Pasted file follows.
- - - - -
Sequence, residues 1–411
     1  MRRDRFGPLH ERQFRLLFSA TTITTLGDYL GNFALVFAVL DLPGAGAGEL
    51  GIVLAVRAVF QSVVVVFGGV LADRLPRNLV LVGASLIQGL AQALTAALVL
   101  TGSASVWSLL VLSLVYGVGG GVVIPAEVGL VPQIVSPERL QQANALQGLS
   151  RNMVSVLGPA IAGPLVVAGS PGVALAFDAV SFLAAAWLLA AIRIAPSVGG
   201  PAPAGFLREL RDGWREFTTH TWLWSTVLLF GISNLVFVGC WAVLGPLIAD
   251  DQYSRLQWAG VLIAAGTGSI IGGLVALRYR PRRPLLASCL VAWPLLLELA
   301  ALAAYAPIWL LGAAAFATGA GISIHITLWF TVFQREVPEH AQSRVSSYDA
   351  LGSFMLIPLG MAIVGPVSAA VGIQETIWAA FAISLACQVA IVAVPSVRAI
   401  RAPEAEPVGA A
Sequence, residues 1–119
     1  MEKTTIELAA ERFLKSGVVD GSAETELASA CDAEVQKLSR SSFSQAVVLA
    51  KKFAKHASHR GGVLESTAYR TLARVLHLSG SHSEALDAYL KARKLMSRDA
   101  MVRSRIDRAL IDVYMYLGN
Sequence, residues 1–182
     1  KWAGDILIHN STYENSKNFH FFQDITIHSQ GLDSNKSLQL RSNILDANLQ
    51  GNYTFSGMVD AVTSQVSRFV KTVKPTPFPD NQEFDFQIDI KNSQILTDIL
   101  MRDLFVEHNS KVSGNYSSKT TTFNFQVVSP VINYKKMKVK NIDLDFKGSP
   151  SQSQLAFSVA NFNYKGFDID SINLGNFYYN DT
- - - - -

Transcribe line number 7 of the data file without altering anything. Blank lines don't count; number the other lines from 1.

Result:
   251  DQYSRLQWAG VLIAAGTGSI IGGLVALRYR PRRPLLASCL VAWPLLLELA